“Every day on our helpline, Autism New Jersey supports parents across the state who struggle financially and emotionally to meet their children’s treatment and service needs,” said Dr. Suzanne Buchanan, Autism New Jersey executive director. “It’s clear that Governor Murphy and the Department of Human Services are sympathetic to these struggles and are demonstrating their commitment to New Jersey families of individuals with developmental disabilities through the establishment of these financial savings accounts and emotional safety nets.”

"People with disabilities and their families are delighted to learn that ABLE accounts are now a viable option in New Jersey,” said Mercedes Witowsky, chair of the New Jersey Family Support Planning Council. “The ability for a person with a disability to save money toward expenses for housing, education, transportation, employment training, health and wellness, financial management, legal fees, and more while protecting state disability related payments is a positive step forward in improving the quality of life for people with disabilities and their families." 

“With the launch of the New Jersey ABLE accounts, residents with intellectual and developmental disabilities will have now have access to a very important savings tool,” said Thomas Baffuto, executive director of The Arc of New Jersey.  “These accounts will allow individuals to work more, to save more and to plan more. The tax-advantaged savings accounts will give individuals with I/DD more freedom to live an integrated life, achieve their goals and to afford education, housing, transportation and other expenses that may be hard to pay for while also maintaining eligibility for critically-important federal programs and benefits."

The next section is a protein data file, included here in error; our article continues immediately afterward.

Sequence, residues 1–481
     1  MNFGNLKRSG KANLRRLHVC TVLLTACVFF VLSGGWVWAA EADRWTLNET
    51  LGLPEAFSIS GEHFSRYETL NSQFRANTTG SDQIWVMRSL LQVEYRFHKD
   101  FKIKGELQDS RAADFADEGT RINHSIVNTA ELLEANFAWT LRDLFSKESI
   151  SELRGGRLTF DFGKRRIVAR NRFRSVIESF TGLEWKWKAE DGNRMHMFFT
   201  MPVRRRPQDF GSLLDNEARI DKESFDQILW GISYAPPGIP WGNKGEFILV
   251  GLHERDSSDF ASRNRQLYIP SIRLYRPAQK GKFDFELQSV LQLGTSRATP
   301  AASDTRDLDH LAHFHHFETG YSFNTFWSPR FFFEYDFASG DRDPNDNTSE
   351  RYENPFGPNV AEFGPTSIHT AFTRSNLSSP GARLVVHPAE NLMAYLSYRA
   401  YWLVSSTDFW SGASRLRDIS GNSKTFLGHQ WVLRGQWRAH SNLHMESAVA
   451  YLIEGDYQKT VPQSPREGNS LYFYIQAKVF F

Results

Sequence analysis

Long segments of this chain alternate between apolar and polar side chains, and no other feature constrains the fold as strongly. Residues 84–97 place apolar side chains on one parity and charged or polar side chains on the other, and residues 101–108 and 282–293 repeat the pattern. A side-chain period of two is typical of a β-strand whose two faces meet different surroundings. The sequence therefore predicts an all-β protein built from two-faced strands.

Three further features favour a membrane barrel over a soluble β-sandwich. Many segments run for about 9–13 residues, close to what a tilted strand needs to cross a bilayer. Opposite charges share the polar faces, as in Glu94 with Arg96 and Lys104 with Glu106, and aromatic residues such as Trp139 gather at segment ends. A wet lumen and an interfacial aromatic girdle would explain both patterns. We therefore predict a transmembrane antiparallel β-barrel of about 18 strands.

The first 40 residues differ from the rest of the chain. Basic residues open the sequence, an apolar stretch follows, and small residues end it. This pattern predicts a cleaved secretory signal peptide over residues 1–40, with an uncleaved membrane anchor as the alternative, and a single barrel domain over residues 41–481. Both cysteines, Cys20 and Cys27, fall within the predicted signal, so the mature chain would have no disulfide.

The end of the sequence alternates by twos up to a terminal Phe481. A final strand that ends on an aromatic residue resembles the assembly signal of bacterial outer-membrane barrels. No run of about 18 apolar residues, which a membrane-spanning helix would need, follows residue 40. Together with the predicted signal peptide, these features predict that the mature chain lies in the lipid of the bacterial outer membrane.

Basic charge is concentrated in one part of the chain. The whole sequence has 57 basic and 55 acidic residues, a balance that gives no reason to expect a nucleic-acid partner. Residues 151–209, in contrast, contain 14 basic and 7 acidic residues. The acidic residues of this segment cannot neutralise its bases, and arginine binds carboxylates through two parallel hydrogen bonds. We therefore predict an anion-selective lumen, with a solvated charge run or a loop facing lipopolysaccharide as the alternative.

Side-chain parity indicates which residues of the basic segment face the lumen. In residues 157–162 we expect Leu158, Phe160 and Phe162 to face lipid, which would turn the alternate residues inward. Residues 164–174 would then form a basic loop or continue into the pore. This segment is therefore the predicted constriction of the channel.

“People with disabilities are often among the poorest citizens in our state,” said Dan Keating, executive director of the Alliance for the Betterment of Citizens with Disabilities.  “NJ ABLE will allow them to save for their future without jeopardizing their benefits.”

The program originates from the federal Achieving a Better Life Experience (ABLE) Act of 2014 signed into law by President Obama. New Jersey then passed a law to join the program. The New Jersey bill was sponsored by Senators Stephen Sweeney and Dawn Marie Addiego and Assembly members Pamela Lampitt, Louis Greenwald, Valerie Vainieri Huttle, Daniel Benson and Vincent Mazzeo.